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Huang Z.,Henan Institute of Science and Technology | Tong C.,Nanjing Forestry University | Bo W.,Beijing Forestry University | Pang X.,Beijing Forestry University | And 5 more authors.
Briefings in Bioinformatics | Year: 2014

Despite a tremendous effort to map quantitative trait loci (QTLs) responsible for agriculturally and biologically important traits in plants, our understanding of how a QTL governs the developmental process of plant seeds remains elusive. In this article, we address this issue by describing a model for functional mapping of seed development through the incorporation of the relationship between vegetative and reproductive growth. The time difference of reproductive from vegetative growth is described by Reeve and Huxley's allometric equation. Thus, the implementation of this equation into the framework of functional mapping allows dynamic QTLs for seed development to be identified more precisely. By estimating and testing mathematical parameters that define Reeve and Huxley's allometric equations of seed growth, the dynamic pattern of the genetic effects of the QTLs identified can be analyzed. We used the model to analyze a soybean data, leading to the detection of QTLs that control the growth of seed dry weight. Three dynamic QTLs, located in two different linkage groups, were detected to affect growth curves of seed dry weight. The QTLs detected may be used to improve seed yield with marker-assisted selection by altering the pattern of seed development in a hope to achieve a maximum size of seeds at a harvest time. © The Author 2013. Published by Oxford University Press.


Bo W.,Beijing Forestry University | Fu G.,Utah State University | Wang Z.,Pennsylvania State University | Xu F.,Beijing Forestry University | And 8 more authors.
Briefings in Bioinformatics | Year: 2014

The recent availability of high-throughput genetic and genomic data allows the genetic architecture of complex traits to be systematically mapped. The application of these genetic results to design and breed new crop types can be made possible through systems mapping. Systems mapping is a computational model that dissects a complex phenotype into its underlying components, coordinates different components in terms of biological laws through mathematical equations and maps specific genes that mediate each component and its connection with other components. Here, we present a new direction of systems mapping by integrating this tool with carbon economy. With an optimal spatial distribution of carbon fluxes between sources and sinks, plants tend to maximize whole-plant growth and competitive ability under limited availability of resources. We argue that such an economical strategy for plant growth and development, once integrated with systems mapping, will not only provide mechanistic insights into plant biology, but also help to spark a renaissance of interest in ideotype breeding in crops and trees. © The Author 2013. Published by Oxford University Press.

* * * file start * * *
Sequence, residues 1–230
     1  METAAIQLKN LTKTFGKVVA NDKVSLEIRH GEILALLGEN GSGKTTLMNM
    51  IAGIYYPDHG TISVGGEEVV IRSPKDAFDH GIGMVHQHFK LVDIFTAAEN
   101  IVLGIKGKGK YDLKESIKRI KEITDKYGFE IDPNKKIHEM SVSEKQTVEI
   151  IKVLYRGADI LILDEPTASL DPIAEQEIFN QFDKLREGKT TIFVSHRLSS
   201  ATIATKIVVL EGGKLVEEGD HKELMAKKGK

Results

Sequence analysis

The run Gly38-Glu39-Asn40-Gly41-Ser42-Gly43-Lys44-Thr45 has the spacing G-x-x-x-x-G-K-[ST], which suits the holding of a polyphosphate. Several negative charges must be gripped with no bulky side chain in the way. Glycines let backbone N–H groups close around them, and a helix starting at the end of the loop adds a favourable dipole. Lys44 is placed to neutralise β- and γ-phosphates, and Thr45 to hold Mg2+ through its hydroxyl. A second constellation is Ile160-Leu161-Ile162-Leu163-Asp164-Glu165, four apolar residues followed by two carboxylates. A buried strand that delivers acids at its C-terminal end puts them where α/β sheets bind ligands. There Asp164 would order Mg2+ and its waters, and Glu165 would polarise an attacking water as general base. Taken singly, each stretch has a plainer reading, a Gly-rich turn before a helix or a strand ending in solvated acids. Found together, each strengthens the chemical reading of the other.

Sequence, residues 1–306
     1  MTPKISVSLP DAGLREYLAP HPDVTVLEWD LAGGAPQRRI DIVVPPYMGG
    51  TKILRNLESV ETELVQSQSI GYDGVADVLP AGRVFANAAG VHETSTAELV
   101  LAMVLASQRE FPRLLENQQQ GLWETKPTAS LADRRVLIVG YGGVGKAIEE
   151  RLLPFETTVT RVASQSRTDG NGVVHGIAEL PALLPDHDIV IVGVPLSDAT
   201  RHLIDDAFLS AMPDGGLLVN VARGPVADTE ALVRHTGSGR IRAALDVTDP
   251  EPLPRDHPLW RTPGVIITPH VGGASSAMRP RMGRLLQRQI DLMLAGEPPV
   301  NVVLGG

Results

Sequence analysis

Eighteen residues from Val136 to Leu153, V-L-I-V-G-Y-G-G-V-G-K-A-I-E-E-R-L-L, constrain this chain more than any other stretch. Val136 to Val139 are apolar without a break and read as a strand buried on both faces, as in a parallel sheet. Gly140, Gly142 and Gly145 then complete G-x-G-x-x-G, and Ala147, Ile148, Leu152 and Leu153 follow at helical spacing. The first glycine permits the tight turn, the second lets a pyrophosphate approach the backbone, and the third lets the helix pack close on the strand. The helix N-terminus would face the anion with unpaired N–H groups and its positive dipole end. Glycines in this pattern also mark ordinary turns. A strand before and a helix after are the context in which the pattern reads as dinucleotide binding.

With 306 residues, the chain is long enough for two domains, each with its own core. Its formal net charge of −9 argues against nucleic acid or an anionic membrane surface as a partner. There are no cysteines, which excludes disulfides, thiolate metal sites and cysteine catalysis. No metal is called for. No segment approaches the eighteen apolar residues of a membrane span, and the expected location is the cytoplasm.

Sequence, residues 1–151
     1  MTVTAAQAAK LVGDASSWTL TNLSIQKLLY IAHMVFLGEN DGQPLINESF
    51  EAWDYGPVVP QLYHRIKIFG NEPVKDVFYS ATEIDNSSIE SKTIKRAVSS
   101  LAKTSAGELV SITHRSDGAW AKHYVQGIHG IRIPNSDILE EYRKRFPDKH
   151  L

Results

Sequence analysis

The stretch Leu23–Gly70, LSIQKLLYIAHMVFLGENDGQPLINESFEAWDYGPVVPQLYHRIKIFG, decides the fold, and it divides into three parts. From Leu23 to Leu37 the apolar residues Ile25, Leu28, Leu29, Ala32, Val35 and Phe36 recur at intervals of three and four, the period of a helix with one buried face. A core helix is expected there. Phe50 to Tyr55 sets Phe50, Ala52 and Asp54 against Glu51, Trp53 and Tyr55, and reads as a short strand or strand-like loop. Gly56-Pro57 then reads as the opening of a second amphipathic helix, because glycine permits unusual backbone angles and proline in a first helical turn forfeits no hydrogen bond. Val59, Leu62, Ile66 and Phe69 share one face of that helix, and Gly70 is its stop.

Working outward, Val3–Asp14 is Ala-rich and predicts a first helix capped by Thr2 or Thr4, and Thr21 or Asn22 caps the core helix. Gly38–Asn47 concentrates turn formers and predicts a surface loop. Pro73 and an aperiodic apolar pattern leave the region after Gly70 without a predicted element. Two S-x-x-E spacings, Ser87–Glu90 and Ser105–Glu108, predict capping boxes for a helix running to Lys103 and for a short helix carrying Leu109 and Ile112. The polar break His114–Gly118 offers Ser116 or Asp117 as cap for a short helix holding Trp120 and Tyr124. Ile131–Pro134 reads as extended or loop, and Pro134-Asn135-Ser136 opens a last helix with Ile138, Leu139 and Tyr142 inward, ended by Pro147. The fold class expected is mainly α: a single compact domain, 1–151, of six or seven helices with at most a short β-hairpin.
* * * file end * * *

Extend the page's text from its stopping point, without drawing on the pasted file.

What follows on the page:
Korir P.C.,Nanjing Agricultural University | Korir P.C.,National Center for Soybean Improvement | Korir P.C.,National Key Laboratory for Crop Genetics and Germplasm Enhancement | Zhao T.,Nanjing Agricultural University | And 5 more authors.
Frontiers of Agriculture in China | Year: 2010

To determine an appropriate indicator and a suitable stage for evaluating tolerance of soybeans to aluminum (Al) toxin is one of the keys to effective breeding for the trait. Seventeen accessions selected as tolerant from a previous test program by using average membership index (FAi) as indicator, plus one tolerant (PI.416937) and one sensitive (NN1138-2) check, were assayed in sand culture pot experiments, totaling four experiments, each for evaluation at V3, V5, V7 and V9 stage, respectively, each in a randomized complete block design with three replications, and each genotype exposed to two Al levels (0 and 480 μM). The relative values of shoot dry weight (RSDW), root dry weight (RRDW), total plant dry weight (RTDW), total root length (RTRL) and total root surface area (RRSA) as the tolerance indicators as well as FAi were compared. All the indicators showed significant variation in Al tolerance among genotypes over and across the leaf stages, but Genotype × Stage interactions were significant only for RTRL and RRSA, indicating that they were less stable among stages than RTDW, RSDW and RRDW. Among the latter three, RTDW was chosen as the major indicator of Al tolerance due to its relatively better stability, higher correlation with other indicators and easier measuring procedure than the others. The seedling age applicable for screening was not definitive, but V5 appeared to compromise between time spent resulting from screening the relatively older seedlings at later stages and low variation among genotypes at a younger stage. The differences of Al tolerance among the tested accessions were further detected by using RTDW, and superior Al tolerant accessions identified were PI.509080 (South Korea), N23533 and N24282 (Northeast China) and PI.159322 (USA), comparable to the putative tolerant check PI.416937 (Japan) at all vegetative stages. © 2010 Higher Education Press and Springer-Verlag Berlin Heidelberg.